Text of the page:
Vibrational quenching by water in a CO2glow discharge measured using quantum cascade laser absorption spectroscopy

M. A. Damen, L. M. Martini, R. Engeln (Corresponding author)

Research output: Contribution to journalArticleAcademicpeer-review

Abstract

In situ quantum cascade laser (QCL) absorption spectroscopy is used to investigate the effect of admixed water in a pulsed CO2 glow discharge on the vibrational excitation of CO2 and CO and the conversion of CO2. Time-resolved transmittance spectra of the non-equilibrium CO2 plasma are measured with a 100 μs time resolution. A custom fitting routine is used to extract the time evolution of the gas temperature, rotational temperature and vibrational temperatures of CO2 and CO, while the CO2 conversion is determined from measured CO2 and CO number densities. Rotational Raman scattering is additionally performed in the centre of the reactor to verify measured rotational and vibrational temperatures from line-of-sight absorption spectroscopy. The plasma is operated at 6.7 mbar, with up to 10% water admixed, and is pulsed with a 5-10 ms on-off cycle, with a current of 50 mA supplied during the plasma on-time. Vibrational temperatures and CO2 conversion are not significantly affected by water admixtures below 0.5%. However, the asymmetric stretch temperature of CO2 (T 3) shows considerable quenching upon admixing 10% water vapour, with the maximum elevation above the rotational temperature (T rot) decreasing from 580 ± 86 K to 230 ± 63 K. For the vibrational temperature of CO (T CO), a similar trend is measured. However, the slopes of T 3 and T CO within the first few hundred μs after the start of the plasma remain unchanged, even when admixing 10% water vapour, suggesting equal excitation of the vibrational modes through e-V and V-V interactions. The conversion decreases by almost a factor of 4 when admixing 10% water. We argue that vibrational quenching of CO2 by water can explain part of the decrease. Changes in electron density and temperature and reactions between CO and OH can also play a role.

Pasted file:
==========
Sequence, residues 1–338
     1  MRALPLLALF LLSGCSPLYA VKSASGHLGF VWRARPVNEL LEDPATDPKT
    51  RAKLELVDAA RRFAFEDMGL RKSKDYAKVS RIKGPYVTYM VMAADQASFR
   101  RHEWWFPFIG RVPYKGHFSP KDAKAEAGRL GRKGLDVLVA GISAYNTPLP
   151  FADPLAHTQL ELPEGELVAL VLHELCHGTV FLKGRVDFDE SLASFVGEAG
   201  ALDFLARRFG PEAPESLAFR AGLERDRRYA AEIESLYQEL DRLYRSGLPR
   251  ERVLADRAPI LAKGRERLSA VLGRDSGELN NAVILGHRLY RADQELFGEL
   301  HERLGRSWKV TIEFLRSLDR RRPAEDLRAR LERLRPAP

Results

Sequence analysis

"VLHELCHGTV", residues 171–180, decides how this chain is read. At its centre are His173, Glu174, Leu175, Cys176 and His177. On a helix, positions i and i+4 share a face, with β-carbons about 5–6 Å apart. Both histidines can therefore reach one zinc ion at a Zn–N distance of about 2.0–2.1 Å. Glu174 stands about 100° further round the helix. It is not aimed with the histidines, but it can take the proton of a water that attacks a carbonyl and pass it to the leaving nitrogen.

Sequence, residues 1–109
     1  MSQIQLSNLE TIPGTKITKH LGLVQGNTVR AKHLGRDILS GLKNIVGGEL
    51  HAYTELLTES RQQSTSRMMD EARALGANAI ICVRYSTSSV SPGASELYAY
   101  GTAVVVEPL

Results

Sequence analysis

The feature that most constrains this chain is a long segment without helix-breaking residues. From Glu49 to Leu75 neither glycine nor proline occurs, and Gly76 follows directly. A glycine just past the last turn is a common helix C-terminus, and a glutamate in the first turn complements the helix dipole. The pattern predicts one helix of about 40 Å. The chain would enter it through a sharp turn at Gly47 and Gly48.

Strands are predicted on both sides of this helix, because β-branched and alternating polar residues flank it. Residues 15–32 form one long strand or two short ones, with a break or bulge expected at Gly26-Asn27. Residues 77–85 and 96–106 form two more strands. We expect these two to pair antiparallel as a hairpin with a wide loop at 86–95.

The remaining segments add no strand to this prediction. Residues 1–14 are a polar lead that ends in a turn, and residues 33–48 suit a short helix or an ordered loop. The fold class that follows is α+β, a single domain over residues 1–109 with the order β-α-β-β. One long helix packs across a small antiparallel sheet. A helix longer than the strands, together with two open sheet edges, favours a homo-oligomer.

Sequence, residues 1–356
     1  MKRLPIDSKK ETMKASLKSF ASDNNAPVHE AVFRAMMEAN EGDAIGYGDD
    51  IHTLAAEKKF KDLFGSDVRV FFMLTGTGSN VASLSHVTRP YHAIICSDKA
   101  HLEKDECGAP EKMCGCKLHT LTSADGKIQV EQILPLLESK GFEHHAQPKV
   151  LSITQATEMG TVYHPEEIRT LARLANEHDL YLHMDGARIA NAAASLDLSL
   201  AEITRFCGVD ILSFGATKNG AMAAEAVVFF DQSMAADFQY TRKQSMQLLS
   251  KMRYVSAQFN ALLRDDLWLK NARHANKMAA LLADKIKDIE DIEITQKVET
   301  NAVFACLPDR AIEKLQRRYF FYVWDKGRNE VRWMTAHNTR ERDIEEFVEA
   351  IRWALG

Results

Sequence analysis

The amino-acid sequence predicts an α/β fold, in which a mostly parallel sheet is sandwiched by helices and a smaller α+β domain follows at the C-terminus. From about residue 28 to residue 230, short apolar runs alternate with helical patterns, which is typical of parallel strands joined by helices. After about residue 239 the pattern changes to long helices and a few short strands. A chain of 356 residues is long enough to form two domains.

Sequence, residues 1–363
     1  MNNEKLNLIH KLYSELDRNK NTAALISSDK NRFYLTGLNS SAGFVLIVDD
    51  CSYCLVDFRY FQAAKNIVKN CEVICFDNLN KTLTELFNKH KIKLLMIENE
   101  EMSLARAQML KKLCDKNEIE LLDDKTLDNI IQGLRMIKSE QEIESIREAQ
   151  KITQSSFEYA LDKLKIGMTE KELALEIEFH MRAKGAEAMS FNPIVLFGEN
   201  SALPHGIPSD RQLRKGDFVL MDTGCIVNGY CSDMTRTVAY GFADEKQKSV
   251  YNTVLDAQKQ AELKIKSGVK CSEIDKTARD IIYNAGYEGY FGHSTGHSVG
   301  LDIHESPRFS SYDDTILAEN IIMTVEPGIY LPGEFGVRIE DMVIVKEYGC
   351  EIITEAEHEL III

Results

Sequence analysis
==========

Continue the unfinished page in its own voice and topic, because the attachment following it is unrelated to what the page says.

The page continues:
Original languageEnglish
Article number095017
Number of pages11
JournalPlasma Sources Science and Technology
Volume29
Issue number9
DOIs
Publication statusPublished - Sep 2020

Keywords

  • carbon dioxide plasma
  • gas temperature
  • glow discharge
  • quantum cascade laser
  • vibrational temperature
  • water addition

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